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Trump praises countries with death penalty for drug dealers at opioids summit

by Ali Vitali /
Image: Donald Trump attends opioid summit
President Donald Trump speaks during the White House Opioid Summit in the East Room of the White House on March 1, 2018.Evan Vucci / AP

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WASHINGTON — President Donald Trump on Thursday praised countries that impose "the ultimate penalty" on drug traffickers, suggesting that harsher punishments for "drug pushers and drug dealers" would help combat America's opioid crisis.

"And, by the way, [those countries] have much less of a drug problem than we do," he said in remarks at a White House summit on the epidemic. "So we’re going to have to be very strong on penalties."

The president's comments come several days after Axios reported that Trump talks privately about executing drug dealers, like Singapore and the Philippines do. NBC News has not independently confirmed the report.

Addressing the group Thursday, which included Attorney General Jeff Sessions as well as families and individuals affected by the opioid epidemic, Trump promised action from his administration "over the next three weeks."

He also said that he'd spoken to "Jeff" about wanting to bring lawsuits against some opioid manufacturers, saying the companies were responsible for killing thousands of people, but had not been punished for it.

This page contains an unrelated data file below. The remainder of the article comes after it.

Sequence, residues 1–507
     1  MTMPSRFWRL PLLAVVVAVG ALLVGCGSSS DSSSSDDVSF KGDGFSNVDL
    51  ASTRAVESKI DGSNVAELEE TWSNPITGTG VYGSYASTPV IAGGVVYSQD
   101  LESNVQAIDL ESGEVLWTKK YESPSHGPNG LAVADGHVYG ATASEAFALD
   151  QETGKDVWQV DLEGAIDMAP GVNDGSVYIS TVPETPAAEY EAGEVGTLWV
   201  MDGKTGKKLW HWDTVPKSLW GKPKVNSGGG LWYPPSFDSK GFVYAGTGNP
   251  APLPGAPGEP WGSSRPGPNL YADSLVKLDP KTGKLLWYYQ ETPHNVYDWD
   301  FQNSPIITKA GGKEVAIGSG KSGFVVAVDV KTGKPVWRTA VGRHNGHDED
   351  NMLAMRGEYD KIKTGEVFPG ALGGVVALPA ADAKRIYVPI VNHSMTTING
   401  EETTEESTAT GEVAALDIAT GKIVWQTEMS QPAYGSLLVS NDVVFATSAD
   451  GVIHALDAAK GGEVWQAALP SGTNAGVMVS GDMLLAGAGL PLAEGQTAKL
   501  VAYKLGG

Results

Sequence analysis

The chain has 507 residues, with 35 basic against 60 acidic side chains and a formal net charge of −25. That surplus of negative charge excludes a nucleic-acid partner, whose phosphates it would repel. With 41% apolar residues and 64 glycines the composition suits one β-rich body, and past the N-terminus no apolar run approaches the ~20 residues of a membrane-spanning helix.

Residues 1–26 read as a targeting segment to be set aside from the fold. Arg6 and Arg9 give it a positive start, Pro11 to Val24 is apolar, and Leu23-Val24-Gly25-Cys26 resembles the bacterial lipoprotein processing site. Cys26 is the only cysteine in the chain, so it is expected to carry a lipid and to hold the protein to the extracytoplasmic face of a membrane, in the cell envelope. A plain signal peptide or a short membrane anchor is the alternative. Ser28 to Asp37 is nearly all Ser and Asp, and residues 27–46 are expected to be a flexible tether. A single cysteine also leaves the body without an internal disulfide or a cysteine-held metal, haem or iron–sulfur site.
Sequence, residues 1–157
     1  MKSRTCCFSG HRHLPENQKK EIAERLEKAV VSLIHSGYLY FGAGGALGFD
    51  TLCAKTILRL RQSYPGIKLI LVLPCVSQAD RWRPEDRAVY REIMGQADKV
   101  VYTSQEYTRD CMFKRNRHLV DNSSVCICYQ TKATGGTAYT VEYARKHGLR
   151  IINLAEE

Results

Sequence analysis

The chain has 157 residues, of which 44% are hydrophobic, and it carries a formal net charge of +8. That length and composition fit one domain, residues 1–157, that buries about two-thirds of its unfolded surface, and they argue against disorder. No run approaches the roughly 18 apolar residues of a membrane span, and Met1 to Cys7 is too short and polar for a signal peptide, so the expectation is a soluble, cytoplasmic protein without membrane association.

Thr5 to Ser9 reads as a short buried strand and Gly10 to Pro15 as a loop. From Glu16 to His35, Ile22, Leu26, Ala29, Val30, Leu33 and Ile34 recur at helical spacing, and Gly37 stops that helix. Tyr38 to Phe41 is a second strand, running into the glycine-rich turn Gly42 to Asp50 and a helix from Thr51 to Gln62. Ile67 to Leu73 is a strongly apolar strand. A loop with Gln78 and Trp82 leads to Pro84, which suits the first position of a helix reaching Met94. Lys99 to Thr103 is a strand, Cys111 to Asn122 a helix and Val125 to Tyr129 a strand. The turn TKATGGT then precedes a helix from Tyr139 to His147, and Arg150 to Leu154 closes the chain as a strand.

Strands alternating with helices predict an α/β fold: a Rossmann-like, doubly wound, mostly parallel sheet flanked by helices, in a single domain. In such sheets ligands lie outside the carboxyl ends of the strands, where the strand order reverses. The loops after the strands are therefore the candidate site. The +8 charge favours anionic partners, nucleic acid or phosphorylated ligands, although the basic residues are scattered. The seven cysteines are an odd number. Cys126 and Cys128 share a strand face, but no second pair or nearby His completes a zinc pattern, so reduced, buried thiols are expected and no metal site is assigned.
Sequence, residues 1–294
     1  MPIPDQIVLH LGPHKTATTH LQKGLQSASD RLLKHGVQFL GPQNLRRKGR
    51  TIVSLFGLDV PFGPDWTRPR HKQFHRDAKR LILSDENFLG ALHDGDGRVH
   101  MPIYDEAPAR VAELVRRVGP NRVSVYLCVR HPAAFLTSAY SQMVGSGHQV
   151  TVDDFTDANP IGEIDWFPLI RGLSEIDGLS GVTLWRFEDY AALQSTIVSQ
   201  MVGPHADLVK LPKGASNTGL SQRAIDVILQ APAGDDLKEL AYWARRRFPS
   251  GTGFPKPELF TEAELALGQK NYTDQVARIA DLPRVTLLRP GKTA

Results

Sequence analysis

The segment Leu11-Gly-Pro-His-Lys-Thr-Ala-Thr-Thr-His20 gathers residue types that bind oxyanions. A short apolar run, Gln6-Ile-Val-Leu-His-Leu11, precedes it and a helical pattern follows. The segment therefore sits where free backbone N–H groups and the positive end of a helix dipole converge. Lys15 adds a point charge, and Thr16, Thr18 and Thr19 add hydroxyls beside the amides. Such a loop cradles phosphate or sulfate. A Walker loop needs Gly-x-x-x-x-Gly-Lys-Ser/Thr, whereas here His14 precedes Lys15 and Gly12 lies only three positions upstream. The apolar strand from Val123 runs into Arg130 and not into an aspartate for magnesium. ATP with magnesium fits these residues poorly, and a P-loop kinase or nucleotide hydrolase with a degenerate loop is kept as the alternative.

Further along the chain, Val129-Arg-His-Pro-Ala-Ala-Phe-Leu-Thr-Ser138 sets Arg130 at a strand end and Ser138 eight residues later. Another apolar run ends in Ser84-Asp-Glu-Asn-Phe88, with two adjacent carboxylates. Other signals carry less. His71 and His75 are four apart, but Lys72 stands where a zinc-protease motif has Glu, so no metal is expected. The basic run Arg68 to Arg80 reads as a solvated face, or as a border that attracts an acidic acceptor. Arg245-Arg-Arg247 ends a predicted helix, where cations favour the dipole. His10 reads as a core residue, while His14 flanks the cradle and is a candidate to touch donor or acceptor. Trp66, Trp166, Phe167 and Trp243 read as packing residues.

Trump's interaction with his attorney general at the summit was notable, given that the day before, he called Session's handling of a Justice Department inquiry into Republican allegations of surveillance abuses by the FBI "disgraceful." Trump's Twitter attack, the latest in a series of public critiques the president has levied against the nation's top law enforcement officer, prompted Sessions to defend himself in a rare statement.

During Thursday's press briefing, Press Secretary Sarah Huckabee Sanders was asked if Trump had any plans to remove his attorney general.

"Not that I know of," she said.

Trump has repeatedly said that combating the opioid crisis is a priority for his administration. He declared it a national public health emergency in October of last year.

"As Americans, we cannot allow this to continue," Trump said at the time. "It is time to liberate our communities from this scourge of drug addiction."

But advocates pushing the president to make good on his promise have said that so far, his administration's efforts, like Sessions' recent "statement of interest" in supporting local governments that go after manufacturers, are likely to fall short.

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